Going Single-Income: Help a Reader Make the Decision
Matthew found my article “Can we be a single-income household” and asked the following question:
I read your article about becoming a single income household and I have a question. My wife and I recently had our second child and she just returned from her maternity leave to her job as a Jr. High Biology Teacher. After her first week, she has asked if we can afford for her to not go back next year. I really want to say yes, but I am worried we will be financially strapped. Do you have any suggestions for me to earn additional income so she won’t have to go back, or some ideas for a home job she can earn a salary with, but still be with the kids? Any advice would be great, thanks!
I’ll give the usual disclaimer that I don’t know anything about your financial stability, budget or future, and I’m not a certified financial anything, Now with that said, I guess we have three main issues here:
- Can you survive on just a single income?
- Even more important, can you continue to save/invest/pay-off debt at an increasing rate or will your finances stagnate?
- How can you find additional income without your wife leaving the house?
Here are my responses to each:
- First, find out what you can support. You need to sum up every one of your recurring (fixed) expenses, plus expected (worst-case) variable expenses to find out your minimum income requirements each month. Fixed includes mortgage/rent, subscriptions, and any other regularly occuring, fixed-rate bill. For variable expenses, I consider anything that may come in that month, may not come in, and if it does, it might be slightly or drastically different than the last bill. For many of us, utilities fall into this category (especially gas and electricity). Oh and don’t forget your budget for food, gasoline, and anything else you regularly spend money on each month.Now that you know what your minimum cash needs are each month, then you know how much wiggle room you have for emergencies, vacations, or any other planned and unplanned expenses. You really don’t want to be too close to that break-point, but only you can tell what that point is based on your history.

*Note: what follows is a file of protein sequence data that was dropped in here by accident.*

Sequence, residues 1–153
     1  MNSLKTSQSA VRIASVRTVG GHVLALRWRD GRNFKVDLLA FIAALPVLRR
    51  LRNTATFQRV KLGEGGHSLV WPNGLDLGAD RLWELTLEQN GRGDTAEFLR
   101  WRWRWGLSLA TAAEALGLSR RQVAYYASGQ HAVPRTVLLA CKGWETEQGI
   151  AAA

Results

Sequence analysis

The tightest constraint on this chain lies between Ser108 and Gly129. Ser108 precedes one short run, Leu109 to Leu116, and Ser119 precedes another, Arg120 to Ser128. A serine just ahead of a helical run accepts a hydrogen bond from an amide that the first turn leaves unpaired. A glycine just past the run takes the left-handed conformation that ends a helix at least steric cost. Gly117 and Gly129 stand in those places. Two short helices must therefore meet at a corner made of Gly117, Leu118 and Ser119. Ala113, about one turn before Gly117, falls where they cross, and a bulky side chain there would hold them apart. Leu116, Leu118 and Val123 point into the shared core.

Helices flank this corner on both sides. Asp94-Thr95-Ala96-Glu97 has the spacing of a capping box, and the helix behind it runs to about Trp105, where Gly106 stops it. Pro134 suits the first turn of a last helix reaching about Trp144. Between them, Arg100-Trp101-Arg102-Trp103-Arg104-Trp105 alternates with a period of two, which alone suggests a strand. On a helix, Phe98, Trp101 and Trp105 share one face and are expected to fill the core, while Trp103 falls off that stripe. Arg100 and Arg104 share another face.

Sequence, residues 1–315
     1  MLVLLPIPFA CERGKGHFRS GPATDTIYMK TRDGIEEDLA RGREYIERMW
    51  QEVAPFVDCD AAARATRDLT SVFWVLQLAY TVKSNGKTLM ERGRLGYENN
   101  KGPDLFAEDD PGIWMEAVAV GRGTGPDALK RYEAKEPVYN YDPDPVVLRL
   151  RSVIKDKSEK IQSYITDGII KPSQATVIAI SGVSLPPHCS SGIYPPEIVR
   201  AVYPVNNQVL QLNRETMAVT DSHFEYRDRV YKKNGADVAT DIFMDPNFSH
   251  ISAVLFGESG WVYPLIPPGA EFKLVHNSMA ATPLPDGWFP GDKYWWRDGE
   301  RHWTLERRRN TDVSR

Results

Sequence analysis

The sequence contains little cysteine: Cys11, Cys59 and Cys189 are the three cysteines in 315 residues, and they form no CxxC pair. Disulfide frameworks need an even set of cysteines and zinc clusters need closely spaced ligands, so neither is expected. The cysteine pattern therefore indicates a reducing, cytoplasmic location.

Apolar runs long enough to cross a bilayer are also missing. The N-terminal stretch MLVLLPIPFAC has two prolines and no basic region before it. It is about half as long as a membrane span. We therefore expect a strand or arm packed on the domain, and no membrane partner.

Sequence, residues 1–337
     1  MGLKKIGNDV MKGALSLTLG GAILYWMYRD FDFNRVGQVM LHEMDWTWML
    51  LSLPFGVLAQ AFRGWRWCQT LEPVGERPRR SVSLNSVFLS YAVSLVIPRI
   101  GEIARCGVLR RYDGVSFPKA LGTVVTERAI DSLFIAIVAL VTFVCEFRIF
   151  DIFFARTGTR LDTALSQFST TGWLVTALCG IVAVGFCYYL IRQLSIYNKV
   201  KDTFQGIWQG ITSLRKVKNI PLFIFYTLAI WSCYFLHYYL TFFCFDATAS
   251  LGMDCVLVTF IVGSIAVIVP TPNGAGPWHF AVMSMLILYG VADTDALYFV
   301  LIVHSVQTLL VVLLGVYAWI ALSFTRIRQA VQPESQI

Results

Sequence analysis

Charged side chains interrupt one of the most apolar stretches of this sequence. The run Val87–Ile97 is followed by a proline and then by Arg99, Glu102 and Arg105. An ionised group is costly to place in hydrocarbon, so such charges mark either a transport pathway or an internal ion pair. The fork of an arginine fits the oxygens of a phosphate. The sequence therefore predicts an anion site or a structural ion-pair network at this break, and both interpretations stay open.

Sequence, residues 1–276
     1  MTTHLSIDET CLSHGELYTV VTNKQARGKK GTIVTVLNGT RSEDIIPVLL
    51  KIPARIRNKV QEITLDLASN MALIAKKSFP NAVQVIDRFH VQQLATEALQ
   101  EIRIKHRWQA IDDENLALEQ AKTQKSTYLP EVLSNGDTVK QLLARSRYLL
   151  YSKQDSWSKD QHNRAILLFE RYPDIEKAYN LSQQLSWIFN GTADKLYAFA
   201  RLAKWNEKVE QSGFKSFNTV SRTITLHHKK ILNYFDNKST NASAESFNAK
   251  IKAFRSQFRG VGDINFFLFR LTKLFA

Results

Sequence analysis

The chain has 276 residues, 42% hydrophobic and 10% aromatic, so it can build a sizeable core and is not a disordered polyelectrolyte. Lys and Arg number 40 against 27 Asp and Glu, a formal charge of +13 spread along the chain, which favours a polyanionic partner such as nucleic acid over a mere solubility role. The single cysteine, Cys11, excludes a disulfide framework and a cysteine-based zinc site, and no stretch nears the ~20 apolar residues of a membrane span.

- So in #1, you found out your minimum financial needs, but now you need to look to the future. Usually the first things to go when times are tough are retirement and savings account contributions. However, you need to ensure you have money for the short- and long-term future needs like emergencies, retirement, your children’s educations (if you choose to fund them) and even taking care of elderly parents. Don’t forget saving for Christmas, anniversary and birthday gifts because you don’t want to leave the holiday with more debt than you entered with. I advise that you add future-oriented items to your budget and stick to it. Thus, by also counting how much you’re saving in with what you’re spending each month, you get the complete picture on your financial status and needs.
- Lastly, you want to know about other income sources. Well, I could easily say start a blog like me, but you probably won’t see much income for at least 6 months, and I assure you it’s no easy job to put one together and contribute on a regular schedule! But your wife clearly has a marketable skill that can be accomplished at your home: Tutoring.I don’t know what your wife’s credentials are, but I can assure you that tutoring is a big deal and can command $50-100 per session (or more even, depending on the area and the subject) and keep her fairly busy once she gets things going. But she shouldn’t limit herself to just the school she currently teaches at; branch out to all the regional schools and increase your client-base substantially.
So overall, only you can decide whether you’re ready to change to one income, but I suggest looking at each of your skills and interests and determine how you can best utilize and market them to earn additional income.
Fellow readers, what are your ideas? Have you been successful in a similar situation? How did you manage the switch to a single income? Also, feel free to contact me with your own stories and I’ll post them (with your permission) to share with everyone else!